A recent talk sought to answer the question of whether they should take up such cases
Several Catholic lawyers recently attended a talk on canon law, divorces and whether Catholic lawyers should take up such cases.
The event, organised by the Catholic Lawyers Guild, was titled Catholic Lawyers and Divorces, and held on Aug 4 at the Church of the Immaculate Heart of Mary.
Mr Andrew Kong, who has studied canon law, gave a 30-minute talk introducing the moral aspects of accepting civil divorce cases.
Fr Adrian Yeo, a canon lawyer who is on the archdiocesan marriage tribunal, then spoke on divorce and marriage annulments.
At the heart of the talk was the question: Can a Catholic lawyer handle divorce cases? Fr Yeo said that it is acceptable to do so. “The role of the lawyer is to protect the rights of your client and if you are protecting your clients’ rights you should take up the case,” he said.
However, he stressed that Catholic lawyers should not “formally cooperate” but rather “materially cooperate” with the divorce process.
This means that Catholic lawyers should not work towards the breakup of the marriage, but merely do the legal work after the couple has already decided to go ahead with the divorce.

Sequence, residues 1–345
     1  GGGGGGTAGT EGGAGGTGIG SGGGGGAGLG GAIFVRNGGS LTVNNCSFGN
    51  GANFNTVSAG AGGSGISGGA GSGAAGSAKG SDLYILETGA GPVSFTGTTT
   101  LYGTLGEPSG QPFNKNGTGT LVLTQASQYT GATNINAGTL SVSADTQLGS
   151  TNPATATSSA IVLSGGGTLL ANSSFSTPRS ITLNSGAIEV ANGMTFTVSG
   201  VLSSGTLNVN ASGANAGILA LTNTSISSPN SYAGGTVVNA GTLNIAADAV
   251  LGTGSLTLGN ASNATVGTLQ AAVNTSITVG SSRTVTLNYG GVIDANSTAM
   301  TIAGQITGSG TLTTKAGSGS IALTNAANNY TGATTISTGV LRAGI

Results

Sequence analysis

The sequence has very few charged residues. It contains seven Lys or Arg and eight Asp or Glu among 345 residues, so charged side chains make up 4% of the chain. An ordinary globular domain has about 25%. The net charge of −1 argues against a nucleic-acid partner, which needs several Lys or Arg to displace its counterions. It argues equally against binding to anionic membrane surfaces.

“Lawyers handle divorces so as to ensure that the rights of the client are not trampled upon, like inheritance, the welfare of the children and the protection of self,” he added.
Fr Yeo said that for an annulment or dissolution of marriage to take place, the parties involved must first go through a civil divorce from the civil courts.
Nonetheless, he added that the Church is against divorce because “Christ’s love for His Church is unconditional and He sacrificed His life for His Church, and the love of a husband and wife should mirror Christ’s love for the Church”.
Mr Kong, in his talk, also explained that divorce is not an “intrinsically evil act”, that is to say that it is not evil in itself unlike acts of abortion, contraception, torture, rape or adultery.
Fr Yeo explained that an annulment of marriage is given when, after a careful study by the Church, a marriage is deemed to be not “valid” due to circumstances before and during the marriage.
Fr Yeo also highlighted the grounds for annulments and the conditions for a valid marriage in his talk. “To consent to marriage, both parties need to have full knowledge of each other and have full will to exercise their choice,” he said.
By Martin See